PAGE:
This was something I wrote back in June after reading a Momastery post which used the quote above.
I’m going through cancer treatment and you don’t really notice anything right away. My hair is thinning, I’ve got a scar crossing my neck, and my neck is stiff, but you don’t glance over at me and go OMG PATIENT. I’m not bald or emaciated or wheelchair-bound or anything awful like that. Which, thank God, thank God, I can’t say it enough, thank God. But it’s a very new sort of paradigm for me to be in and it’s really gotten me to think.
First of all, about how lucky I am. I’ve never had surgery before. So many people I know have done this a lot for all kinds of reasons on all kinds of body parts. You bastards are hardcore.
Second of all, about how much is going on with other people. I’m not always entirely up to scratch these days. And it’s frustrating. But there’s a very good reason. Thing is, it is a very effective method of making me realize that hey, guess what – this is probably the case for more people than not.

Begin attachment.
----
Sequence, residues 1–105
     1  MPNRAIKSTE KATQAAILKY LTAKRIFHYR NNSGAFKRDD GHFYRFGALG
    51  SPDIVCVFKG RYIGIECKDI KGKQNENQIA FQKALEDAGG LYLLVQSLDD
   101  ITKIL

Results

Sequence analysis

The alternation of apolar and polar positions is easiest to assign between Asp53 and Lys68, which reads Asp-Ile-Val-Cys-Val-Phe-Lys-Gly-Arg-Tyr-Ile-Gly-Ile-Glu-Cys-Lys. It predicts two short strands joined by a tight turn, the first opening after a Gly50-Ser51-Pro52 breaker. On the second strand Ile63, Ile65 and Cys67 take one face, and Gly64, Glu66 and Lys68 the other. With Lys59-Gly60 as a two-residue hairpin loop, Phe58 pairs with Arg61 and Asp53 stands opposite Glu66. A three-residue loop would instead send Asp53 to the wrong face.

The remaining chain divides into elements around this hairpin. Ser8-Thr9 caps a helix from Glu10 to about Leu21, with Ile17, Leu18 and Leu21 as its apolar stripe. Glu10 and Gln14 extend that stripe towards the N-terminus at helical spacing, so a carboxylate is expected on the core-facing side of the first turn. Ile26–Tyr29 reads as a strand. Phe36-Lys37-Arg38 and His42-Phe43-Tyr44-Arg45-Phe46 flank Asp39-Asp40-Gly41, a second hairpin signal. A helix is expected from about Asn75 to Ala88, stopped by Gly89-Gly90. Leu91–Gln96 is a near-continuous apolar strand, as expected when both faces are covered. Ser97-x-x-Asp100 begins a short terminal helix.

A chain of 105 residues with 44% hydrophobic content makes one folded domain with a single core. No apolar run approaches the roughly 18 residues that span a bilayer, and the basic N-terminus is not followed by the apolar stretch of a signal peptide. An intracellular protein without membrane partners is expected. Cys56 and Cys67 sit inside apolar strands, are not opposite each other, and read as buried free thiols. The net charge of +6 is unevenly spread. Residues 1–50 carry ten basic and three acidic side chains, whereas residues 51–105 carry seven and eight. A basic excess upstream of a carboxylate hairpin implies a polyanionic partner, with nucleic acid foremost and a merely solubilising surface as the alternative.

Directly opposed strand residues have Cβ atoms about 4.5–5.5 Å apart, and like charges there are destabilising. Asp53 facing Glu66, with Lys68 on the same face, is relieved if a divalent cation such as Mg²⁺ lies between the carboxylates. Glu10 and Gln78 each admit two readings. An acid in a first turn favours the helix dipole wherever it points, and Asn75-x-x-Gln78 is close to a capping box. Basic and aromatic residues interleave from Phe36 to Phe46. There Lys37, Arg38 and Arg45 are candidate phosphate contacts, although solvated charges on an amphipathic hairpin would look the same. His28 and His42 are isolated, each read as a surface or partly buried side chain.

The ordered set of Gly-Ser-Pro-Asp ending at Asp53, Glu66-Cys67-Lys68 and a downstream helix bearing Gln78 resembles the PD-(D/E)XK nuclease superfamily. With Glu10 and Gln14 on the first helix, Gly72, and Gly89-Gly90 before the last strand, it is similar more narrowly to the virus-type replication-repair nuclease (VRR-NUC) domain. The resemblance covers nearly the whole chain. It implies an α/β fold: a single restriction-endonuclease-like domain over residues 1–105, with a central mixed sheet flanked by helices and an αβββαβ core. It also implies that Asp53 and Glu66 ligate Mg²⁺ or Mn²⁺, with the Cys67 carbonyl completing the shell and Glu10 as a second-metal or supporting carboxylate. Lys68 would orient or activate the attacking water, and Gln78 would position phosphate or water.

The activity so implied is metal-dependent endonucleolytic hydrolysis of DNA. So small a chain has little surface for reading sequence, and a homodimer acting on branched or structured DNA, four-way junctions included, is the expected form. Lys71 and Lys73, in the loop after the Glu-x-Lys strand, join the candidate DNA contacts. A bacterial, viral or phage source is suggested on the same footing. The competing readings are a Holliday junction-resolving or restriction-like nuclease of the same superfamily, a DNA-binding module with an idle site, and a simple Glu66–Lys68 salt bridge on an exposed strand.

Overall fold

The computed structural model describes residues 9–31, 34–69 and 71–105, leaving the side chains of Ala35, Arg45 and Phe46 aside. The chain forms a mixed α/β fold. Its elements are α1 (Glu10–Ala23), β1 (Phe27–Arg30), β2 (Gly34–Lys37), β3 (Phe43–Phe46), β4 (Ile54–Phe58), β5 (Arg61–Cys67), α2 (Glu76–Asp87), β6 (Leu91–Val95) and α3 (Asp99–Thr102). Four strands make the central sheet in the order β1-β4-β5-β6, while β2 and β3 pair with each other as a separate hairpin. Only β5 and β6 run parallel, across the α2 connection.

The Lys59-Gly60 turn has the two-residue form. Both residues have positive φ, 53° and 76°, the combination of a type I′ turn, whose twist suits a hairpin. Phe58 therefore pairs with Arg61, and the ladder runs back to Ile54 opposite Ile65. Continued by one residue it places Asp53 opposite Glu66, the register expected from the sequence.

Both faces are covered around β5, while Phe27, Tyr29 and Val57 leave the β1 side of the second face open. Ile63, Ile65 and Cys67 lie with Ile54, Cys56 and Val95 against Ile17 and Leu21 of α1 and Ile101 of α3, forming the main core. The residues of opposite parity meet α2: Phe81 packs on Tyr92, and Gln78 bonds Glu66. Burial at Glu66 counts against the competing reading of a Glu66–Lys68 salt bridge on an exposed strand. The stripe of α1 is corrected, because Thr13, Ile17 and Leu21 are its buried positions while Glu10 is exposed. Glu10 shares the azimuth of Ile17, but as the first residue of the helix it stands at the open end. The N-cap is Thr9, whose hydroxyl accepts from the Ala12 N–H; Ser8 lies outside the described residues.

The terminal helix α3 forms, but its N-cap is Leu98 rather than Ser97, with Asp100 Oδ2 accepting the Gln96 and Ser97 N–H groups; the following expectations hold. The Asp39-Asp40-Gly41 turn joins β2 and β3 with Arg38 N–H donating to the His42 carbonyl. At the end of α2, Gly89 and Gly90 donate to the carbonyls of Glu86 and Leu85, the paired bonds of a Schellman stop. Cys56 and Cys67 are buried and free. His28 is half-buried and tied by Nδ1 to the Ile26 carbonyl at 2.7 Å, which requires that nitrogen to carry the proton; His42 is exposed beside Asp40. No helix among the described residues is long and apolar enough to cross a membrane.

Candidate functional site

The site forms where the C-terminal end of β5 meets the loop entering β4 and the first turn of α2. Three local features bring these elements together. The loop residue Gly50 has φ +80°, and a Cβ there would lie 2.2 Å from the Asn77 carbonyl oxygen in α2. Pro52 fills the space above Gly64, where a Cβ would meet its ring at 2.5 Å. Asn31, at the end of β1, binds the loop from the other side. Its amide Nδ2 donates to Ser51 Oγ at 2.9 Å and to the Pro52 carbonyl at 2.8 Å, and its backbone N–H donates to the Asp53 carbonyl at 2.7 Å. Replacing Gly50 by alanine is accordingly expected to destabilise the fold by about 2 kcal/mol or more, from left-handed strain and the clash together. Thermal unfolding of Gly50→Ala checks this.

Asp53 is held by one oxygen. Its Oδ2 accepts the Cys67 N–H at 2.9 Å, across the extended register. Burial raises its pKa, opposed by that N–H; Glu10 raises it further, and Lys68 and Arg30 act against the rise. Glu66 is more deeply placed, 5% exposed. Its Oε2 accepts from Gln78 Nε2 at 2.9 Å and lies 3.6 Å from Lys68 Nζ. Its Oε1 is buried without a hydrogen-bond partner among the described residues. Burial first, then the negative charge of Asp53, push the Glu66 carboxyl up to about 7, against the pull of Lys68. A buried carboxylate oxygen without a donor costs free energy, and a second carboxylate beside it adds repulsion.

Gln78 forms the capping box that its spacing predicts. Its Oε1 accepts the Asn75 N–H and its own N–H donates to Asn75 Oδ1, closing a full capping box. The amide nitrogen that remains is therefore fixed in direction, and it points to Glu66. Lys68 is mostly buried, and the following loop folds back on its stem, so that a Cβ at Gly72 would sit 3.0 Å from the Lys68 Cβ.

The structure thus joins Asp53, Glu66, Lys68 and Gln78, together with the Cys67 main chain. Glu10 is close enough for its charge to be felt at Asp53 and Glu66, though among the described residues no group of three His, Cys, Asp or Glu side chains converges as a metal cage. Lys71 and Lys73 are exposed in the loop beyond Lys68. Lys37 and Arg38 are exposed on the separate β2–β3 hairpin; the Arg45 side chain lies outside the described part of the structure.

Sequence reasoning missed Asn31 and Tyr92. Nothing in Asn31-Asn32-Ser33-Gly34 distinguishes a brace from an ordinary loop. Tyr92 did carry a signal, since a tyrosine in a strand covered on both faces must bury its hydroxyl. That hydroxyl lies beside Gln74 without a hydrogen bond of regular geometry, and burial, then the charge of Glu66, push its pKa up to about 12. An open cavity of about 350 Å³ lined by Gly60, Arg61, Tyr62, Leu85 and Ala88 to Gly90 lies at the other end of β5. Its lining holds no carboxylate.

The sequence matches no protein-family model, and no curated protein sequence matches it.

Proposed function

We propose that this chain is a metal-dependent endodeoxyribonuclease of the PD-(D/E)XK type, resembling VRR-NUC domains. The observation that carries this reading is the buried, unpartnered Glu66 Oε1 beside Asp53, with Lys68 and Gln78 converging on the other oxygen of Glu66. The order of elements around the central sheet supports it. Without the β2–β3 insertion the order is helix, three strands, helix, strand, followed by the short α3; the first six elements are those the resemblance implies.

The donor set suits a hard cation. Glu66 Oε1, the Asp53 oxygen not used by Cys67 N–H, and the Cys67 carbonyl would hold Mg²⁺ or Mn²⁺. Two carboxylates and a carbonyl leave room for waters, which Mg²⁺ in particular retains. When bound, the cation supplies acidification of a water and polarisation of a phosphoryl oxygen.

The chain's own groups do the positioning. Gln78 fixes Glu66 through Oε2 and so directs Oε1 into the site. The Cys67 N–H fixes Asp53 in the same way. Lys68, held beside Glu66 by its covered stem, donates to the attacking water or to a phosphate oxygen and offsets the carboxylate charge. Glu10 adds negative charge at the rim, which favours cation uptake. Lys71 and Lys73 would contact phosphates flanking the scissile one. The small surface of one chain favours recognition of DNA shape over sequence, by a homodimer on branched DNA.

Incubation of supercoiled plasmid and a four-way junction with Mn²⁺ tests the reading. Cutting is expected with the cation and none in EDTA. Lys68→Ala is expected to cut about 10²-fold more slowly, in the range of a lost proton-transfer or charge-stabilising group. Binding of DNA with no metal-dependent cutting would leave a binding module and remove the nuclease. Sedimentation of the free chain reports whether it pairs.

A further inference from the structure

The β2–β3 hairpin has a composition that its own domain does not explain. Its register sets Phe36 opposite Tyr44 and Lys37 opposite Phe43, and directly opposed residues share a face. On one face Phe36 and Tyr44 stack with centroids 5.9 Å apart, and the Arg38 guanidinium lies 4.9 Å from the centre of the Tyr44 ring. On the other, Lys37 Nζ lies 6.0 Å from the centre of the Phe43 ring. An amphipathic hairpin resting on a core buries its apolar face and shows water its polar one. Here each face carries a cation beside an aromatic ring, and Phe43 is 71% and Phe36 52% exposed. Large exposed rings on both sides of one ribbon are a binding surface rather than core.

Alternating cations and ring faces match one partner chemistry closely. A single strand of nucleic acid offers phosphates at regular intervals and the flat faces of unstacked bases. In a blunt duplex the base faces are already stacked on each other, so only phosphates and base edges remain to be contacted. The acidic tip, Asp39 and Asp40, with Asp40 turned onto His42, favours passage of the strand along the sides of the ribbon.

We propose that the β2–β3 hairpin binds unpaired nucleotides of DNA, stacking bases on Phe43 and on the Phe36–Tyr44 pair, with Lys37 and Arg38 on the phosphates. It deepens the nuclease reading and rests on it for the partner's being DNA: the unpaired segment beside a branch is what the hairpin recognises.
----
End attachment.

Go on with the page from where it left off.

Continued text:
That jerk who changed lanes without signaling. That idiot who’s not listening to her screaming kid. That person who dropped the ball on that thing you need from them. That one who was rude. And also that person who was smiling and nice and great to you.
They’ve all got shit going on that you can’t even begin to fathom. Ex-spouses making their lives hell, kids worrying them like crazy, their own illnesses, and a pile of crap that would make you amazed that they got out of bed, let alone got to where they are at this point in the day when they’re currently getting on your nerves.
Now, let me be clear. It’s not your job to solve their problems, to be their therapist, to put up with them being rude or worse to you. But I think it IS our job to remember that they have lives full of crap just like we do. So maybe we can cool it on the cursing-out, or even just the eye-rolling, or even just the internal judging.